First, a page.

What is an abalone?

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What is an abalone?

What is an abalone?

Abalone is classified as a marine gastropod, referred to as (bok) or (po)in Chinese.
Abalone is also referred to bogeo (鰒魚) in Jasaneobo (Report on the Fish Species of Heuksan Island), seokgyeolmyeong (石決明) in Bonchogangmok (General List of Herbal Medicine), and gugongna (九孔螺) (shellfish with nine holes).
The abalone shell length is over 10cm long and typically rounded.
It has a small, rear spire,
mainly consisting of the spiraling pattern with a row of holes.
These holes are blocked except for the posterior ones, which are the openings for venting water and excrement. Usually, several animals, or plants, are attached to the exterior of the shell. When you remove them, you can see the shell is lined, or has wrinkles parallel to the direction of its growth, which varies per abalone.
The lines can be almost flat or covered with a blackish brown epidermis. The shell also opens wide with an intense pearl glimmer.
The flesh of abalones is covered with the shell and is connected to the shell through the adductor muscle, around which ganglions are developed.
The foot is large and broad and the head has a pair of tentacles and eyes. Abalones also have a pair of gills and a pair of auricles of the heart that are symmetric.
They live offshore from the low-water line, five to 50 meters deep, around an island or between rocks, and prefer clean areas of sea where marine plant life grows in abundance.
Abalones are gonochoristic, with an undeveloped external genitalia. As an oviparous animal, they lay eggs from late autumn to early winter and inseminate.
The genital gland of a male abalone is whitish yellow, while females are green.
Differing from species to species, the shell grows approximately two to three centimeters per year. Abalones feed on kelp, arame, sea mustard, ecklonia cava, green laver, and other sea life.
They have been considered a delicacy among marine products from long ago, and their annual haul from the shallow sea amounts to 450M/T with an annual harvest reaches as much as 80M/T.
In the 1960s, the infant abalone cultivation facility of the National Institute of Fisheries Science began producing spats, distributing them to abalone farmers since 1974.
Abalone farmers raise abalones in the sea, amid recent, new attempts at farming.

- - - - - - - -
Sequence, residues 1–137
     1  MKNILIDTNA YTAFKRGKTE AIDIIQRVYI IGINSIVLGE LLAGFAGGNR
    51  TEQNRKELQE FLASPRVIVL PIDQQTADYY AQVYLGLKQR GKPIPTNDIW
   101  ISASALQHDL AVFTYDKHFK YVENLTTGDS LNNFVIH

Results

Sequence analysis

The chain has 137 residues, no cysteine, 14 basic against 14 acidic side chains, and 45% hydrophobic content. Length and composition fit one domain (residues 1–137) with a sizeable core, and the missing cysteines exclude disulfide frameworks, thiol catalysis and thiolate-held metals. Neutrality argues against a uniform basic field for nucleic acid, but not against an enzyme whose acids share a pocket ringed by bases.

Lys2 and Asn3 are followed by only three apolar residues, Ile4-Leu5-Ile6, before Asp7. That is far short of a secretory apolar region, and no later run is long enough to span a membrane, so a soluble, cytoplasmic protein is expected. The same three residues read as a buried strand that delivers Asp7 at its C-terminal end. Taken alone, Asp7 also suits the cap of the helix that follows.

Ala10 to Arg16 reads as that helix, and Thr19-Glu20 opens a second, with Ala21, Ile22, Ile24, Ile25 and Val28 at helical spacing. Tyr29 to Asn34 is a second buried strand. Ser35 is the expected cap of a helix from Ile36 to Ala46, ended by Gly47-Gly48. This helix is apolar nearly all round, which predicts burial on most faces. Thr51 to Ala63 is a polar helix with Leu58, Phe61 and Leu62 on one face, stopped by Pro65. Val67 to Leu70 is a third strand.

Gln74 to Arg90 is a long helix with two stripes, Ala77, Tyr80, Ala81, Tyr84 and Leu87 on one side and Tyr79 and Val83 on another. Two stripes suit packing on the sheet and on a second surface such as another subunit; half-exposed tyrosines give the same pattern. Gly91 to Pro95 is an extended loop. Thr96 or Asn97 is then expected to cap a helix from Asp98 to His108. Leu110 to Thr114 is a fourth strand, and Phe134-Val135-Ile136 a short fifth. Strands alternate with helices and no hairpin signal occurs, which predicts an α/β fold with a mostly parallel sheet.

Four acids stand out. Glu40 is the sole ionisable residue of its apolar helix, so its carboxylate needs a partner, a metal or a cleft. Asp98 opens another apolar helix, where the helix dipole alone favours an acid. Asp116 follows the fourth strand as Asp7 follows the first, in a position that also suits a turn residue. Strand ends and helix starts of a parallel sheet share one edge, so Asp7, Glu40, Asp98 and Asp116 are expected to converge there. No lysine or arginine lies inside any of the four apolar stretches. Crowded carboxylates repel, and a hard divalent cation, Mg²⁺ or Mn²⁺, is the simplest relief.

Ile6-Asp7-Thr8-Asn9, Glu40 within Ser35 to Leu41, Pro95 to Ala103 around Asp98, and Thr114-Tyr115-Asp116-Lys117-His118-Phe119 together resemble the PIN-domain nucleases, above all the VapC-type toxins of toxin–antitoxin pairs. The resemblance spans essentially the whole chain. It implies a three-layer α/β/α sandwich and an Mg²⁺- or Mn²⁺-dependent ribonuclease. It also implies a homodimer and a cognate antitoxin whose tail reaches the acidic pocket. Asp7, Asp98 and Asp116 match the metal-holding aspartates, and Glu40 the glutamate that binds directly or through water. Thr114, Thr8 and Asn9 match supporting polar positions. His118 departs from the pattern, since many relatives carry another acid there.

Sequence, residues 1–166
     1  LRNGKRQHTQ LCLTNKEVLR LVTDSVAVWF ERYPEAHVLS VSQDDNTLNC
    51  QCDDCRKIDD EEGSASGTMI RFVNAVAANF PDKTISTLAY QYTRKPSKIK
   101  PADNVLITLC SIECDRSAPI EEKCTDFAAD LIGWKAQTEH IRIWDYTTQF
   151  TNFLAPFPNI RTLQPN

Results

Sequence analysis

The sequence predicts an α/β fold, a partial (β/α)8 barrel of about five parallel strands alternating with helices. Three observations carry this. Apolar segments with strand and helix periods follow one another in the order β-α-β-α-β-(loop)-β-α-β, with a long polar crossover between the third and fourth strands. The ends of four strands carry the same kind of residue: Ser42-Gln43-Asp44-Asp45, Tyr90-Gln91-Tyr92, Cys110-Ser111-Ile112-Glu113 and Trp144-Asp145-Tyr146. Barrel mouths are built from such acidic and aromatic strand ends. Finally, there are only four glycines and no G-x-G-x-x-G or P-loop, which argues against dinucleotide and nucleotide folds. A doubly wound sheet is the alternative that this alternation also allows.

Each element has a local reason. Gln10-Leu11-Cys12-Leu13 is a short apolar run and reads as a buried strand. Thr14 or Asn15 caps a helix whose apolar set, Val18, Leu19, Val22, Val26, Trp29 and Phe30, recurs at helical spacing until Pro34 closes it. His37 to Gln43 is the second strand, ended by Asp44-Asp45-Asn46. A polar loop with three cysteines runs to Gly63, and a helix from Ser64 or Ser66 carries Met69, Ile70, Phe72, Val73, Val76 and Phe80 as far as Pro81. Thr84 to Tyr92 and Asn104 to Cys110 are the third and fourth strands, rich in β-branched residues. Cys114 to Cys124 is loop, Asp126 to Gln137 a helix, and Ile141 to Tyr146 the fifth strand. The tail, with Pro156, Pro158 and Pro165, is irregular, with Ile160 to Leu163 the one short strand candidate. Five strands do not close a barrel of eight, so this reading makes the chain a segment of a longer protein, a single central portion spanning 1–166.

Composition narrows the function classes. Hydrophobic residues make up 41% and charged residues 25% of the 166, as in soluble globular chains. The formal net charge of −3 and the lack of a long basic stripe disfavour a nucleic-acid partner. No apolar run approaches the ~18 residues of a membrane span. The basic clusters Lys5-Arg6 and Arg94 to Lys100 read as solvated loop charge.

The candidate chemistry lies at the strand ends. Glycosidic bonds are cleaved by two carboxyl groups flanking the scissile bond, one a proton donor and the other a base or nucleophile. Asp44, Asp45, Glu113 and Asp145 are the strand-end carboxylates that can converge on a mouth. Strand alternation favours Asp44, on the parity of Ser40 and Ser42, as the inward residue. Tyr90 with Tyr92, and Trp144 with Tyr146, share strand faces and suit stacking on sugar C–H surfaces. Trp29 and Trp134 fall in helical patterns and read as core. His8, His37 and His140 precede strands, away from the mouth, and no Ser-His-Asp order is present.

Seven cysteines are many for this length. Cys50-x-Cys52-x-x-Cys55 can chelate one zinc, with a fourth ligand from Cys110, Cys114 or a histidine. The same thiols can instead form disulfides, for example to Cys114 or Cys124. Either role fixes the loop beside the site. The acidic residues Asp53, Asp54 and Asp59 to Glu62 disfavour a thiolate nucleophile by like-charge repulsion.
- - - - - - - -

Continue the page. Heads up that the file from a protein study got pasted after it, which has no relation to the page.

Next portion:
In South Korea, there are six general species, including, Haliotis discus hannai (living in cold currents), Haliotis discus (living in warm currents), Haliotis gigantean, Haliotis sieboldii, Haliotis diversicolor aquatilis, and Haliotis diversicolor supertexta.
Useful Tips about Abalones!

    Selecting Abalones

  • Choose the ones with a glossy shell and supple flesh.

    Storage Temperature

  • 1~5℃

    Cleaning Abalones

  • Remove the anterior dirt with a sponge or a brush. Completely pry out the flesh from the shell with a knife. Cut off the viscera and the tough edges with scissors.

    Foods with which Abalones Go Well

  • When boiling abalones, add white radish. Soak them in milk to soften the texture.


  • Rich in Vitamin B1 and B12, calcium, phosphorus, and other minerals. Recommended for mothers with infants when they find their breasts dry.

    Period of Storage

  • Three days


  • Store the flesh with or without the shell attached. Wrap a suitable amount of flesh and viscera in foil and place it in a freezer. Use it when making various dishes, including abalone soup.

    Habitat & More

  • Abalones inhabit on the surface of rocks or stones in the shallow sea with waves hitting the bedrock.


  • With low calories and little fat, abalones are good for weight loss. They are rich in minerals for effective nutritional supplementation.
  • Niacin

  • Sodium

  • Protein

  • Carbohydrates

  • Retinol

  • Beta-carotene

  • Vitamin A

  • Vitamin B1

  • Vitamin B2

  • Vitamin B6

  • Vitamin C

  • Fiber

  • Zinc

  • Folic acid

  • Phosphorus

  • Fat

  • Iron

  • Potassium

  • Calcium

  • Cholesterol

  • Ash


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